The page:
We conducted an extensive survey recently by a third-party research firm. The 60 questions answered by more than 3,400 Recyclebank members have helped us glean a better understanding of the attitudinal and demographic composition of our audience. Through this data we were able to check that our mission is still core of the services we provide and reflect the content we’re delivering our members.
GOOD: What are the qualities and/or skill sets that you believe future successful leaders will need to have?
JH: The leaders of tomorrow, especially those working in the private sector, must redefine what it means to lead a successful company in today’s world, shifting values toward a model that inherently promotes sustainable business and consumption. When we are faced with issues on such a massive, global scale, we can’t afford to keep “green” in the niche bucket.
The most successful leaders of tomorrow will value innovative, cross-sector partnerships, and evaluate their bottom lines with a new light: how they profit in direct correlation with benefits to the community, society at large and the environment. Customers and shareholders have come to expect that businesses of all sizes take these factors into account—and the successful leaders of tomorrow will inherently understand this.
GOOD: What is your greatest hope for how your work can influence positive change in our world?
JH: If through my work at Recyclebank, I can inspire one person to alter his or her understanding about sustainable living, then I’ve already made a powerful change. What I can hope for is that I don’t just have the opportunity to inspire one person, but the ability to motivate millions. I want to know that I’m doing everything I can to make the world a better place for my children, and inspiring them to want to do the same.
Read more from leaders like Hsu at Figures of Progress, including interviews with Jennifer Pahlka, founder of Code for America; Adam Brotman, chief digital officer of Starbucks; Rachel Sterne, CIO of the city of New York; Oliver Hurst-Hiller, CTO of Donorschoose.org; and Nathan Blecharczyk, Co-founder of Airbnb.
Turning Rubbernecking in Bangladesh into a Lifesaving Moment Without 9-1-1 or a reliable ambulance system, one med student and 100 volunteers launch a mobile-based emergency response system
Female Monks Challenge Buddhism’s Misogynistic Tendencies Long relegated to being the handmaidens of the more revered male monks, devout Thai women are now establishing their own religious order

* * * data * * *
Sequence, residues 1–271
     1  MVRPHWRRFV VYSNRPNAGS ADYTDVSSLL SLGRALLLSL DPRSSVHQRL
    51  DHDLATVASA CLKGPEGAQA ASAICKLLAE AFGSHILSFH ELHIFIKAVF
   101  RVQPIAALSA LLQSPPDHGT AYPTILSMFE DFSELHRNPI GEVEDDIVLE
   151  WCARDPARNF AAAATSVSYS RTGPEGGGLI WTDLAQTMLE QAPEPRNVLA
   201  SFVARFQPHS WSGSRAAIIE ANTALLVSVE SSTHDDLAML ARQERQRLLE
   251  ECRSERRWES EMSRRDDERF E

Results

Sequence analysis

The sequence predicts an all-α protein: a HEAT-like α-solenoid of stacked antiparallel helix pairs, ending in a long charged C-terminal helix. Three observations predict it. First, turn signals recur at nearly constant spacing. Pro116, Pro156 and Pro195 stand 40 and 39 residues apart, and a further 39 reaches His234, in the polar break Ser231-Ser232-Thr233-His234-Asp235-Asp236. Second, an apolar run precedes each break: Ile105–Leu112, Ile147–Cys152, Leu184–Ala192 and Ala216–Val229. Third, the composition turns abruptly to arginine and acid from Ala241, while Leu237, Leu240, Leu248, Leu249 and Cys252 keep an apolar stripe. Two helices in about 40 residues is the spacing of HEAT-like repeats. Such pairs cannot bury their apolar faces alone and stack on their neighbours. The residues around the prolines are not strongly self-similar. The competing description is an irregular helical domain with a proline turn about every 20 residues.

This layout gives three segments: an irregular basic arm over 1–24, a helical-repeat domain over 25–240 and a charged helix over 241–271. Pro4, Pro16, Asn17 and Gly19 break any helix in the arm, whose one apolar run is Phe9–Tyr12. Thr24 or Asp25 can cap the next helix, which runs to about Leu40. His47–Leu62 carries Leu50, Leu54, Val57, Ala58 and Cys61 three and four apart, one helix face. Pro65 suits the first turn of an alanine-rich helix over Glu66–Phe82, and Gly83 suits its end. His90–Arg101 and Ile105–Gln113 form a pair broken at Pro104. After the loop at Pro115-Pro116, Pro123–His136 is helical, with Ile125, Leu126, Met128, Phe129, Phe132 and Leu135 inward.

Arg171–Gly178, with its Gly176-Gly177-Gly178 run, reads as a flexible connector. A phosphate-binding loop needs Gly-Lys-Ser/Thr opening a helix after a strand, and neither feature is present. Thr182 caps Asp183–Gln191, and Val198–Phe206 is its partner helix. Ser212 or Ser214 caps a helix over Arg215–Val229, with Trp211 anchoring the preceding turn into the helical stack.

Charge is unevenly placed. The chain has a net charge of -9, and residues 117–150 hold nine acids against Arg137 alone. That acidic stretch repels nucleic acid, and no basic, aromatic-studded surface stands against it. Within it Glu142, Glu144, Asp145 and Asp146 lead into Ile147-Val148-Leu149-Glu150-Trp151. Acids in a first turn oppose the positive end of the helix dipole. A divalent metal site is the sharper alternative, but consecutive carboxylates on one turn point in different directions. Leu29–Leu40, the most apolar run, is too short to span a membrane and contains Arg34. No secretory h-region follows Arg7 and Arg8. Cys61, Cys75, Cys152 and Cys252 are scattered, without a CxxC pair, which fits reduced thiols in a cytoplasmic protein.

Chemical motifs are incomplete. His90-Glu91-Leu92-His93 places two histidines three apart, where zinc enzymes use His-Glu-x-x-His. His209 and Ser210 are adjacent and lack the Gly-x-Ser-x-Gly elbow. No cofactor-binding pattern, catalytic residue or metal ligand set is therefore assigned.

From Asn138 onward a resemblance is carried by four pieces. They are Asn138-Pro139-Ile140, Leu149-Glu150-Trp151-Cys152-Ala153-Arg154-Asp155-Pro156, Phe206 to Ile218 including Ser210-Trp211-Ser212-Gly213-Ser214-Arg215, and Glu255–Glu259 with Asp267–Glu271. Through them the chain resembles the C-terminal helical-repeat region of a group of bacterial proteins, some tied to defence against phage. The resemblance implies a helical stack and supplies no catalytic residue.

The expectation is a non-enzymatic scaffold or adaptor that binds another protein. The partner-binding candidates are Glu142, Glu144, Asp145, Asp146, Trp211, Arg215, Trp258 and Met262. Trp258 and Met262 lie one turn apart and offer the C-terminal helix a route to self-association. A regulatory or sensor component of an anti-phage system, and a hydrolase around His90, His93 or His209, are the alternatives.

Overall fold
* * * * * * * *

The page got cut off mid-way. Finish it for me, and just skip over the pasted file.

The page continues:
If You Really Love Nature, Don’t Live Anywhere Near It Almost universally, people living in urban locations have a much smaller environmental footprint.
For Ernesto Yerena, Los Angeles is the City of Hustle and Hope Artist Ernesto Yerena’s visual love letter to the City of Hustle and Hope.
Books Stop Bullets at Tragic FSU Shooting A tragic shooting, a confusing profile of a would-be-killer, and a student saved by his library books
These Grandmas Smoke Pot For The First Time. And They Absolutely Love it. They take a few epic bong rips before waxing poetic on the merits of ironing, mistake a vaporizer for a sex toy, and stonily lose track of whatever thoughts they were briefly attempting to articulate.
If You See One Iranian Vampire Western Movie This Year, Make it This One The chador-wearing, skateboarding, vampire protagonist of A Girl Walks Home Alone at Night would fit right in to a John Hughes movie
There’s No Reason for Any Nation Not to Vaccinate its Feral Dogs Targeting the semi-wild dogs that roam city streets and rural hamlets all over the world can break the chain of rabies transmission and eliminate cases in humans
The Secret Origin of Neil deGrasse Tyson It took perseverance, intense training, and a willingness to defy expectations to turn a curious kid into the sharp, affable scientist we know today.
VITAMINS 101: Know What You Need Get the dish on your nutrition
Games Theory: 6 Views of a Mockingjay Just how socially relevant is The Hunger Games? Let us count the ways.
Here’s to You A toast to local hotspots around the world The best of the world’s neighborhood nooks.